Gulf between the EU’s rich and poor continues to widen despite economic recovery

According to a new report, the 2008 financial crisis consolidated regional inequality within Europe, with Spain falling far behind

Inequality in the EU has increased since the 2008 financial crisis.
Inequality in the EU has increased since the 2008 financial crisis.Paco Puentes

In 2017, the difference in GDP per capita (at purchasing power parity) between Europe’s richest region, West London, and Spain’s poorest, Extremadura, was €168,700. That’s 41% more than it was in 2007.

The data, published early this month by the European Union’s statistics office, Eurostat, is an example of how the 2008 financial crisis consolidated regional inequality within the bloc, with wealth increasingly concentrated in Europe’s biggest capitals. Spain does not fare well: only five of its regions have GDP per capita above the European average.

This is a result of the crisis and more importantly the impact of the austerity measures

Ignacio Molina, researcher at the Elcano Royal Institute

Now the specter of a new recession has materialized before Europe has managed to heal the scars of its last crisis. According to Eurostat’s last annual report, which was published on Monday, EU’s big capital cities and their metropolitan areas have accumulated the greatest wealth over the past few years. Meanwhile, the majority of EU regions have GDP per capita that is equal to or less than the EU average of €30,900. That was the case for 59% of regions in 2007 and 62% in 2017.

In other words, the economic recovery has neither reduced the gap between EU member states nor the inequalities existing within each state.

Spain is no exception. There is a stark difference in wealth between the country’s capitals and its rural and post-industrial regions. Along with France, it is one of the countries whose regions fell furthest behind the rest of Europe between 2007 and 2017, according to the European Parliamentary Research Services (EPRS), the European Parliament’s think tank.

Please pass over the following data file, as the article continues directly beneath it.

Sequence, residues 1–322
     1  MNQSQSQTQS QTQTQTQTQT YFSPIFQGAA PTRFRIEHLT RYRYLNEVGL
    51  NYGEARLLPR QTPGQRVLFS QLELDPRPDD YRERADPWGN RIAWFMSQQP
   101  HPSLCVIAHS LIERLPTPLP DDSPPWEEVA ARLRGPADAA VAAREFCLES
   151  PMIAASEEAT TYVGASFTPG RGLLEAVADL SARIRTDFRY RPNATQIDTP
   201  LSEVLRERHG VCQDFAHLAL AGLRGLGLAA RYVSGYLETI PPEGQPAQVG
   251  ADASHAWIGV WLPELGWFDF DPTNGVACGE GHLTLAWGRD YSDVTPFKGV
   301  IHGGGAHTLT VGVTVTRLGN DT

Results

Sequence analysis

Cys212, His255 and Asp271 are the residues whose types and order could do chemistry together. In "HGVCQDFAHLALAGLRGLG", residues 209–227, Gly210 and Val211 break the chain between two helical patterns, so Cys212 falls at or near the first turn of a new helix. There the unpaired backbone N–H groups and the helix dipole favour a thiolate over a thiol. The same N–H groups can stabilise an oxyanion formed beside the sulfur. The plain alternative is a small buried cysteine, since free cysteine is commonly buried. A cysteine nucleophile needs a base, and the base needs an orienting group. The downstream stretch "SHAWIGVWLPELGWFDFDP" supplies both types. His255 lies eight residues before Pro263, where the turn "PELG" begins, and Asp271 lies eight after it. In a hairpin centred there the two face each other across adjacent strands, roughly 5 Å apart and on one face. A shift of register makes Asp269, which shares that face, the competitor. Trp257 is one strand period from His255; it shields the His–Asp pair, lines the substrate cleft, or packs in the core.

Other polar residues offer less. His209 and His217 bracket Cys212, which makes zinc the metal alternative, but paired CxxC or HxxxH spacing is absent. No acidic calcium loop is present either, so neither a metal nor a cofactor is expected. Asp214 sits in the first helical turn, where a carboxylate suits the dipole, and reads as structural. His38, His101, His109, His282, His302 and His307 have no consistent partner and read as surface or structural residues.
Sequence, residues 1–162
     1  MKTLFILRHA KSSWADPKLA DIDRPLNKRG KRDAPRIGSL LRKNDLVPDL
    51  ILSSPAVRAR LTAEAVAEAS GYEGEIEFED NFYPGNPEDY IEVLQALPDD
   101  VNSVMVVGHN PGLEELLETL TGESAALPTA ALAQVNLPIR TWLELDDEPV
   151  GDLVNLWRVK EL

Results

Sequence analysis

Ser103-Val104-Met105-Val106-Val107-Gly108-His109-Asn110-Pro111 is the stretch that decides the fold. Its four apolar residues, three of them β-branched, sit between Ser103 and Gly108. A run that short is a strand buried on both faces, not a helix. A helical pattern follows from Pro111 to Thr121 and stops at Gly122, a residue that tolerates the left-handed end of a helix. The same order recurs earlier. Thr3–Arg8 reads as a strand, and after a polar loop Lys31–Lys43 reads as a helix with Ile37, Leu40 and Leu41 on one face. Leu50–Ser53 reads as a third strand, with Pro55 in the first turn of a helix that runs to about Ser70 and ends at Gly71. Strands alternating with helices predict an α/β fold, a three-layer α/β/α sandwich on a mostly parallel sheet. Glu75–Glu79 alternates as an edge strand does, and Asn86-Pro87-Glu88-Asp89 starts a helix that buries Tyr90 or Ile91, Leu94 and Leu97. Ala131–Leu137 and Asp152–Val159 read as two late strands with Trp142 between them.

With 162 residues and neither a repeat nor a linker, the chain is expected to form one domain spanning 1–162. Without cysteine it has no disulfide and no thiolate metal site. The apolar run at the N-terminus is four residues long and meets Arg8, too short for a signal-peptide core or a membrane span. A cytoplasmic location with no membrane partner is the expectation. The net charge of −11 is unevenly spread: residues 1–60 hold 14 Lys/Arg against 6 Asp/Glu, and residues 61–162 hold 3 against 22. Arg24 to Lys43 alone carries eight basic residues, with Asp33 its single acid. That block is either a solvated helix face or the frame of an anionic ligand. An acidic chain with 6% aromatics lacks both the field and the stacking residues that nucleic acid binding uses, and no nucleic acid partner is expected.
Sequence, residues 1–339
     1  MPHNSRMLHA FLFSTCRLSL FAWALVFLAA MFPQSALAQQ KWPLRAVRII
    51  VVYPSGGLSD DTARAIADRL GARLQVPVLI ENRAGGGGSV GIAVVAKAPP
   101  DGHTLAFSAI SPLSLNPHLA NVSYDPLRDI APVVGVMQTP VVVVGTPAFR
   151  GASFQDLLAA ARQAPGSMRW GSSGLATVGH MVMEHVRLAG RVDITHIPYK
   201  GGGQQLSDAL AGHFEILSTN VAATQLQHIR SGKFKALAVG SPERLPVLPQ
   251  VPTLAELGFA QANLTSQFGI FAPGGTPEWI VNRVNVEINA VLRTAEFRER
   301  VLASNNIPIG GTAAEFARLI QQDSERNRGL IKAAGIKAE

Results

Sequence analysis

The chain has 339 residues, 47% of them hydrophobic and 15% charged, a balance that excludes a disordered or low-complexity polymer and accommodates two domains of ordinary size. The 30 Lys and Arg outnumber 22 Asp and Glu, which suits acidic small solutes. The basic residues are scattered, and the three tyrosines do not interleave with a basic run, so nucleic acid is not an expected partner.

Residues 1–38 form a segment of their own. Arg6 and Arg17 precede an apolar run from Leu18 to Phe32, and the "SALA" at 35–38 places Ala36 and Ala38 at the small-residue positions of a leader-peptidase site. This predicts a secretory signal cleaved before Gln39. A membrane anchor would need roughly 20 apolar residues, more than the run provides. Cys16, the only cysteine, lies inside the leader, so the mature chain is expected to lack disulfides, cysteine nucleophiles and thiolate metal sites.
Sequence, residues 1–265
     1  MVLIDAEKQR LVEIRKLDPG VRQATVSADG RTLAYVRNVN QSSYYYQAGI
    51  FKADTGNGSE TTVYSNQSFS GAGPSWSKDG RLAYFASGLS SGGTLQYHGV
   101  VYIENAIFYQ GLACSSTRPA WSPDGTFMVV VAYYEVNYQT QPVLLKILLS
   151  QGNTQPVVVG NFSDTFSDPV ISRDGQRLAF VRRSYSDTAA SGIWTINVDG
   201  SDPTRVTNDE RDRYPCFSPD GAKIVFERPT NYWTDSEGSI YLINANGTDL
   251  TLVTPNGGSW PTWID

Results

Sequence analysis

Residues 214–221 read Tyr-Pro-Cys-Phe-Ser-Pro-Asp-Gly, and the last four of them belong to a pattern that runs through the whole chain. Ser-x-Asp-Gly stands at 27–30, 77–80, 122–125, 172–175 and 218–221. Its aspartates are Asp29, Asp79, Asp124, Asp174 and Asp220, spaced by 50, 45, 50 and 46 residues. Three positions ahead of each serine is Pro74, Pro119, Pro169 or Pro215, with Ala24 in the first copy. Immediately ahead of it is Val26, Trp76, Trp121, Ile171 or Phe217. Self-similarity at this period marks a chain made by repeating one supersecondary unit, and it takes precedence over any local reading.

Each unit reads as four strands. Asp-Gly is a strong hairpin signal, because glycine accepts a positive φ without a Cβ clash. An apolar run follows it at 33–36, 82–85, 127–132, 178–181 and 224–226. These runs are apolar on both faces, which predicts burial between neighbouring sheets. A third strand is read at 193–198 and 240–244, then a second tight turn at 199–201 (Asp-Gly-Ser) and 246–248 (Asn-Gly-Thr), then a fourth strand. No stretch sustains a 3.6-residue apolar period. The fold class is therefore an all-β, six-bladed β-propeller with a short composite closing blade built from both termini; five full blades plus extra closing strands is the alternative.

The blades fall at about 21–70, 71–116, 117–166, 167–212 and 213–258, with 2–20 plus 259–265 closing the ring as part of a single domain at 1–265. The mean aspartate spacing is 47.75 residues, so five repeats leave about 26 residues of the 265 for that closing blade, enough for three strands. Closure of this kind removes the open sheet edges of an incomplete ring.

According to Eurostat, in only five Spanish regions – Madrid, Basque Country, Navarre, Catalonia and Aragón – was GDP per capita in 2017 above the European average. At the other end of the spectrum, in Extremadura, the exclave cities of Melilla and Ceuta in North Africa, and the Canary Islands, it was between 64% and 75% of the EU’s average.

Although per capita income has increased in almost all of Spain’s regions in the last 10 years, bouncing back to pre-crisis levels, all have lost ground against the EU average.

“The crisis has increased the income gap between regions,” says José García Montalvo, a professor at Pompeu Fabra University. “It has hit some sectors worse than others, but redistribution mechanisms have also produced uneven results.”

García Montalvo believes that Europe’s Cohesion Policy, designed to limit inequality, has not been enough to curb natural disparity. The budget for the EU’s Cohesion Policy, amounting to 1.3% of its GDP from 2021-2027, is now under discussion in Brussels.

Wealth concentration

The OECD (Organisation for Economic Cooperation and Development) has already made it clear in one of its latest reports that regions with extensive international exposure experience the fastest growth. Large capitals attracting a disproportionate amount of foreign capital, for example, are far wealthier than cities with scarce foreign investment.

“It is a general trend,” says Ignacio Molina, a researcher at the Elcano Royal Institute. “There would have been wealth concentration without the crisis, but the tendency has intensified and the crisis has exacerbated the effect.”

In 2017, West London recorded an average GDP per capita of €188,000, almost six times more than the European average, making it the richest area in Europe. Luxembourg came in a distant second with an average GDP per capita of €75,900 euros. And at the other end of the spectrum was Severozapaden in Bulgaria.

The recovery has neither reduced the gap between EU member states nor inequalities within each state

According to an article from independent think tank Center for European Reform, the most productive regions are no longer those that are highly industrialized. Being located close to a thriving city or one with a high percentage of young professional workers is also a significant factor.

This trend where wealth is concentrated in the big capitals, defined by Eurostat as “monocentric,” is also prevalent in Eastern Europe: Prague, Bratislava and Bucharest all have GDPs per capita well above the European average while the rest of the country lags far behind. Italy and Germany are the only two exceptions to this rule.

“The crisis has not affected aggregate wealth so much as its distribution,” adds Molina. “This is a result of the crisis and more importantly the impact of the austerity measures.”

As evidence starts to trickle in of an economic downturn, the challenge now is to decide where to invest. “Should the EU focus on engines of economic growth or on regions in decline?” asks Molina, who warns that always backing the same places could have more than economic consequences. “It’s about deserted Spain and the yellow vest protests in France,” he explains.

English version by Heather Galloway.

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